MEDICARE VERSUS MEDICAID IN THE NURSING HOME SETTING
When we talk about Medicaid asset protection, I often hear from clients “but I already have Medicare,” or “I have money, so I’ll never qualify for Medicaid.” But in the context of chronic care, there’s a lot of nuance to these issues.
1) Medicare is for Everyone; Medicaid has a Resource Test.
The key difference between Medicare and Medicaid is that Medicare is a program open to all Americans over 65 years old (and some younger Americans affected by disabilities), and Medicaid requires needs-based qualification. In 2022, an individual’s maximum net worth for chronic care Medicaid eligibility is $16,800. (Their non-applicant spouse may have up to $137,400.) Having your monthly income under a certain mark is less of a concern, but all except for $50 of income is due and payable to the nursing home each month.
Just because an individual has money does not mean that Medicaid eligibility is out of the question. If you have $300K to your name, you don’t have to spend it all down on the nursing home for a year and a half and then apply for Medicaid. If you speak to an attorney while you’re healthy, there are ways to protect your assets with trusts and other tools. Even if you consult an attorney after nursing home admission, there are some tools available to qualify without going broke.
2) Medicare covers a limited amount of long-term care. Medicaid coverage is unlimited.
Medicare covers most acute illnesses that necessitate hospital visits, but it only covers up to 100 days of long-term care—20 days in full and then another 80 days with a required co-pay of $194.50 per day. Supplemental health insurance will often pick up this co-pay. But if a patient does not have that, then out-of-pocket payment is expected. Further, the 100 days can be cut short if they are deemed medically unnecessary for rehabilitative purposes. If someone plateaus and fails to make any rehab progress, Medicare coverage can terminate earlier. (There is an appeals process for this.)
Medicaid can cover everything that Medicare does not. It can cover co-pays in the absence of sufficient supplemental insurance, and it can cover unlimited stays in a nursing home beyond day 100. Medicaid pays 100% of the bills (less your net available monthly income).
3) Medicaid, unlike Medicare, has estate recovery
Few things in life are truly free (and one can argue that Medicare certainly isn’t, if you look at your paystubs throughout your working life, and the deductions from your Social Security once you retire), but Medicare coverage has no strings attached. Although there are certain situations when co-pays are required, Medicare does not look to claw back or be recompensed for the benefits that it provides.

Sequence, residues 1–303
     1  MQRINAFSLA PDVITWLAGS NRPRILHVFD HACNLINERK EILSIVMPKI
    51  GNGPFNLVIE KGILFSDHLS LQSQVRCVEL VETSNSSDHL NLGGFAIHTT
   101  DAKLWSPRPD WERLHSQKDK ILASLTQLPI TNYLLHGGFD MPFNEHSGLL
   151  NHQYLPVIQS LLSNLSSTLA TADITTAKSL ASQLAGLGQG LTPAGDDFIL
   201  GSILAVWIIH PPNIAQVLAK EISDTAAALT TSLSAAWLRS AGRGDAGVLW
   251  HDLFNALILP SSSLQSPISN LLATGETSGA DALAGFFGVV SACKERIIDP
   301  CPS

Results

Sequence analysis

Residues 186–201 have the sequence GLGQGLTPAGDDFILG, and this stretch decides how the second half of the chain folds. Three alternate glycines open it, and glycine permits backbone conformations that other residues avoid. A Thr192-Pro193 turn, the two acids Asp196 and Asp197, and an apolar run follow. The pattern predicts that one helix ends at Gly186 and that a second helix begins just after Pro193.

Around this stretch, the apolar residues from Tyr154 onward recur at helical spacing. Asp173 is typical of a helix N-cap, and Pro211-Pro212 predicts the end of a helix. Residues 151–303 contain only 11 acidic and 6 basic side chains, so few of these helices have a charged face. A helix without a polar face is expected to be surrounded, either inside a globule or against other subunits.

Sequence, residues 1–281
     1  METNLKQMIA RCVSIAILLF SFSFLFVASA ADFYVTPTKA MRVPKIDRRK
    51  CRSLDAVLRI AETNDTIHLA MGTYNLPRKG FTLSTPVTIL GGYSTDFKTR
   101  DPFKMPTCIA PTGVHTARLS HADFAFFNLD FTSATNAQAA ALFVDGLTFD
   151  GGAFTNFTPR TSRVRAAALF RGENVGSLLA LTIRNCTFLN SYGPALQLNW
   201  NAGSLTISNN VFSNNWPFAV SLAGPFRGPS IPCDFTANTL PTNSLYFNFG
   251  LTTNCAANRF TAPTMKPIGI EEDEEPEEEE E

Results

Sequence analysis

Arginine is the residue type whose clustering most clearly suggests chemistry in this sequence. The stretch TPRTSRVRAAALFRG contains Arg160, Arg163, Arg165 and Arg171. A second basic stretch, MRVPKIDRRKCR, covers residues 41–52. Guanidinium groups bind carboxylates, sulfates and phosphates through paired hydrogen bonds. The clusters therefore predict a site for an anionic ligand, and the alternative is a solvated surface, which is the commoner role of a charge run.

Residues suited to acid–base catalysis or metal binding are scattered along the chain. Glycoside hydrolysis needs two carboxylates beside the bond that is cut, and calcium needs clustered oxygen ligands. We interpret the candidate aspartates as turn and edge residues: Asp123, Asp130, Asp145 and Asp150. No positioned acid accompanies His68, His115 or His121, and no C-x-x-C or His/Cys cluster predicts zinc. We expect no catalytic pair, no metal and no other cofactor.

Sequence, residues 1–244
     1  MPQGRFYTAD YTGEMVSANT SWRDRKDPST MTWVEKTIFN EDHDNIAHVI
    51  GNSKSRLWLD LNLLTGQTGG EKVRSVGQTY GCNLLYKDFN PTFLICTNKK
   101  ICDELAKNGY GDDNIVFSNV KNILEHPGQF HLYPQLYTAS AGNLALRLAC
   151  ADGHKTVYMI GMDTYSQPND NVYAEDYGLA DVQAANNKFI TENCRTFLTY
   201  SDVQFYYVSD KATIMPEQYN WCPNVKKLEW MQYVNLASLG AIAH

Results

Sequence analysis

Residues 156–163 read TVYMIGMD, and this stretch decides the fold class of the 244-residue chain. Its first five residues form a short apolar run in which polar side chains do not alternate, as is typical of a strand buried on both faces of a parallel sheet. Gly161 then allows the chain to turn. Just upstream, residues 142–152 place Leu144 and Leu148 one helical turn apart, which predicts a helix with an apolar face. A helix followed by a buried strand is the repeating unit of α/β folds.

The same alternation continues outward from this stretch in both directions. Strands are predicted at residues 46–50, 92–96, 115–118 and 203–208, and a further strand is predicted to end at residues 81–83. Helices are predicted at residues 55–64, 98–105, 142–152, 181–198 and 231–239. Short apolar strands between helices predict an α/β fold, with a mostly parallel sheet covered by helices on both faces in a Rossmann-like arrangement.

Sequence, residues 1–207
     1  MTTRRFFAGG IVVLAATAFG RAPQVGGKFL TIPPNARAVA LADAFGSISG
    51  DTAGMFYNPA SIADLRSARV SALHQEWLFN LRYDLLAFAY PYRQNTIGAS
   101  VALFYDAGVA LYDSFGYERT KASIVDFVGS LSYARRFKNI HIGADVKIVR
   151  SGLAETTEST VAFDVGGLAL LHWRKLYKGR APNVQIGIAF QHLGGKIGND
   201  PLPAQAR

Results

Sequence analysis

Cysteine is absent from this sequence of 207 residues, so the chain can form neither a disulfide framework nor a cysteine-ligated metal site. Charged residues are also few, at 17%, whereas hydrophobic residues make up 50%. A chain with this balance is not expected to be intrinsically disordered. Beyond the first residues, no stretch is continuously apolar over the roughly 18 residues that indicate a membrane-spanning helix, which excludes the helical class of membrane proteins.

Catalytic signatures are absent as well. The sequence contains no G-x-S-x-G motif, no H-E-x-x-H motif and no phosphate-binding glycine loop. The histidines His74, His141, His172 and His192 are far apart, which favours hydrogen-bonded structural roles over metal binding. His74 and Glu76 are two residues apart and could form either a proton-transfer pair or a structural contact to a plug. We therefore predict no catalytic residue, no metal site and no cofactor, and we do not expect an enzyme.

Conversely, Medicaid can actually recover against your estate and seek to be reimbursed for the benefits that it has provided to you. Most people on Medicaid for long-term care services do not leave much in their estates because of the stringent eligibility requirements. But this is not always the case. Sometimes the primary residence is still in an individual’s name when he/she is receiving benefits. Or an individual’s estate can include assets that were forgotten during life or new assets like an inheritance from a family member. Medicaid generally will make a claim to seek to recover every dollar it has spent on your care in the last ten years.
The best way to avoid Medicaid estate recovery is to disclose all of your assets in advance and work with an attorney on an asset protection strategy. Hiding assets is not an effective plan, but protecting them is. The key is to divest assets to qualify, and to avoid probate where estate recovery happens.
Everyone from the poorest to the wealthiest Americans can get Medicare coverage. Medicaid is not for everyone, but its scope and availability is wider than many people think. There are legal and ethical ways for people with money to qualify for Medicaid without first spending every dollar they have on their own care. You should not have to go broke because you get sick. Among the formative goals of elder law is to save and protect assets while making sure that clients get the best and most comfortable long-term care available to them.
This article appeared in the January edition of the Senior Gazette.
This is not intended to be legal advice. You should contact an attorney for advice regarding your specific situation.